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UNDP awards women entrepreneurs

 

Senate Lerotholi

INCLUDING women in business can significantly help in fighting poverty and fostering the country’s economic growth, the United Nations Development Programme (UNDP) Resident Representative, Betty Wabunoha, has said.

Ms Wabunoha said this recently while presenting certificates to 18 women entrepreneurs during a ceremony held at Thaba-Bosiu.

The women were recognised for pioneering their own businesses after successfully completing a two-week training programme dubbed ‘Capacity Building for Women-Led Enterprises’ run by the UNDP under the theme: Her Empire.

The workshop was aimed at empowering the women to ensure their businesses’ sustainability, improving their management skills and helping them to open new markets.

“We see positive dividends when we prioritise women,” Ms Wabunoha said.

“Their contributions and leadership in the economy is the lens through which we look at this two-week training and its possible impact not only on the trainees, but also to our community and society.”

She said the participants were further introduced to UNDP’s procurement requirements so that they are aware of opportunities that the organisation offers for growth.

“With the ‘Her Empire’ programme, we have taken a deliberate and strategic decision to enhance women’s competitiveness in procurement bidding processes. At UNDP we will do our part to make this possible and so as entrepreneurs you should also do yours,” Ms Wabunoha said.

The principal secretary in the Gender, Youth, Sport and Recreation ministry, ‘Mamoeketsi Ntho, said women needed to be capacitated to succeed in business regardless their age.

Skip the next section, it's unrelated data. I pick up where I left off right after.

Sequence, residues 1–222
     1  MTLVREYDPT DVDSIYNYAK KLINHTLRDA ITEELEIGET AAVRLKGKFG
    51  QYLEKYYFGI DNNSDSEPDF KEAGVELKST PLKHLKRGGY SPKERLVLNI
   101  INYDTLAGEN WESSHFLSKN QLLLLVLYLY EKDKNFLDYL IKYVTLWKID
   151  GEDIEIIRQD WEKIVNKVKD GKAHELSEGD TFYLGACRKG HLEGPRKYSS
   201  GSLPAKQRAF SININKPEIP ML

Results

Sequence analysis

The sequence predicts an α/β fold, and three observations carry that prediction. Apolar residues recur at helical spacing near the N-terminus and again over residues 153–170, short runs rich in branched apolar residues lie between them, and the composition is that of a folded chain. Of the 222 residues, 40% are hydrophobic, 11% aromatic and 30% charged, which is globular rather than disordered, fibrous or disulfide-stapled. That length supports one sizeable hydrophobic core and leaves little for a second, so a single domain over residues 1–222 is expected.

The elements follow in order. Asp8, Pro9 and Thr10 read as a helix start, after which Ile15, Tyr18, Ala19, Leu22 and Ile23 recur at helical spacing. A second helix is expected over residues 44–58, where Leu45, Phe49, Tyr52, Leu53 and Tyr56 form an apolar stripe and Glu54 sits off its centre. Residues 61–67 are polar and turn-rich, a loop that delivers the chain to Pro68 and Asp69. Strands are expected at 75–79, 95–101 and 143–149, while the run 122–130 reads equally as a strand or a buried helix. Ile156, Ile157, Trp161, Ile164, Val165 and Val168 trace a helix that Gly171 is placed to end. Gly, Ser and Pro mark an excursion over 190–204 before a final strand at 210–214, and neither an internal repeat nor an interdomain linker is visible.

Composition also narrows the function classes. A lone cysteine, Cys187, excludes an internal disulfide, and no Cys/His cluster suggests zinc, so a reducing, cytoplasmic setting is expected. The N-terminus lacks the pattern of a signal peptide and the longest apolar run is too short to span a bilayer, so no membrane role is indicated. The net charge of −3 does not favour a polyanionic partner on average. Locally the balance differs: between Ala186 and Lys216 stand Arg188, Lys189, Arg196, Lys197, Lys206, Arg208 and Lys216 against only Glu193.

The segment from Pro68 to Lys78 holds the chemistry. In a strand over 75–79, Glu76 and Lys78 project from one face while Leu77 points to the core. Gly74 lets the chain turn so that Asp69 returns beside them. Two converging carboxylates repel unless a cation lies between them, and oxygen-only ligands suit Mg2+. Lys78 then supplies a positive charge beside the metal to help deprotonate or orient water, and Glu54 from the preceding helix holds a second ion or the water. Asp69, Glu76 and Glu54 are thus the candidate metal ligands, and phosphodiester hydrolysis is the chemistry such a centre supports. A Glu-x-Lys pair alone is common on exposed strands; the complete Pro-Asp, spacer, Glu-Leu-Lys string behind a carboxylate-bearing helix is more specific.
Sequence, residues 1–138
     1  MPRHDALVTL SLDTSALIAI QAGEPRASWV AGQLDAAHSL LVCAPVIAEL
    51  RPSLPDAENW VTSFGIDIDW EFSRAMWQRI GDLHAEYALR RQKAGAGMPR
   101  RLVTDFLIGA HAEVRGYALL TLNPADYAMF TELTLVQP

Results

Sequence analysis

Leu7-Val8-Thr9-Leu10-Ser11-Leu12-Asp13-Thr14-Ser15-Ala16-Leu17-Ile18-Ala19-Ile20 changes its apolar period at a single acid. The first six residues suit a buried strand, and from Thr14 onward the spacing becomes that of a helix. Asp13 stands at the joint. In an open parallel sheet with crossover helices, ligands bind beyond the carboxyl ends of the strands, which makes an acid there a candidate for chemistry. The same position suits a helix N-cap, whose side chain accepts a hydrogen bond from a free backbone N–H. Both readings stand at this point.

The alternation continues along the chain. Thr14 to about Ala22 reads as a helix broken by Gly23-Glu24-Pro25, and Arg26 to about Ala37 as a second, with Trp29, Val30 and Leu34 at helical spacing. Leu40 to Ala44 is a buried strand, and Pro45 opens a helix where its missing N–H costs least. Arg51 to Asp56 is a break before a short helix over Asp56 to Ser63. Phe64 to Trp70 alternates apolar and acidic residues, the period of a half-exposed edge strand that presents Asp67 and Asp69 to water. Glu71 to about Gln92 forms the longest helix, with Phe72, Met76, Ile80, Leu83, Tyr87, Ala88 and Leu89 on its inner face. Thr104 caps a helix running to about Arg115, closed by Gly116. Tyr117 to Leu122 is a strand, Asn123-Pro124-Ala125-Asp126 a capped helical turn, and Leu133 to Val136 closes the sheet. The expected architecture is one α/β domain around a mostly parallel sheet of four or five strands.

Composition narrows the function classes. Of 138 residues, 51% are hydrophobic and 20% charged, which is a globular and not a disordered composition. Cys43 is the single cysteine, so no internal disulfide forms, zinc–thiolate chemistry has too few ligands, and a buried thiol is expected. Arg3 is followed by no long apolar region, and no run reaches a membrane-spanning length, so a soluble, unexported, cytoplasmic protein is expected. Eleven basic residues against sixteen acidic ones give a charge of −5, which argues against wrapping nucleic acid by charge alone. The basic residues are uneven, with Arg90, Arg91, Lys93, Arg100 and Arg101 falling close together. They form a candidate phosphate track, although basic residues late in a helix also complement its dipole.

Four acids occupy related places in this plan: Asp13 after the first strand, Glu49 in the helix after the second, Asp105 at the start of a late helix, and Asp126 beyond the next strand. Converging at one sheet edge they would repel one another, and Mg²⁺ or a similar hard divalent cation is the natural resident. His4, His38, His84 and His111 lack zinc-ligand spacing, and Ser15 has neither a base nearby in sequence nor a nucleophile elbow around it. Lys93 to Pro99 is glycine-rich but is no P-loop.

“Our mandate as the ministry includes empowering women and youth economically. This type of initiative by UNDP is helping us to attain at least three (Sustainable Development Goals) SDGs – ending poverty, gender equality, and promoting full productive employment,” Ms Ntho said.

Establishing businesses for women would go a long way in creating employment and reducing poverty, “therefore, this important sector should be given the priority it deserves”.

“Once women get economically viable, they will be able to address conditions that they are exposed to when they are poor,” she said.

Speaking on behalf of the participants, Relebohile Tapole, said the workshop had reminded them that women could also become successful in business like their male counterparts.

The training had given them an opportunity to network and form partnerships, she said.

“We cannot wait to go back home and make use of the knowledge that we have acquired from this workshop. The training has helped us recognise that our dreams can be achievable if we become accountable,” Ms Tapole said.

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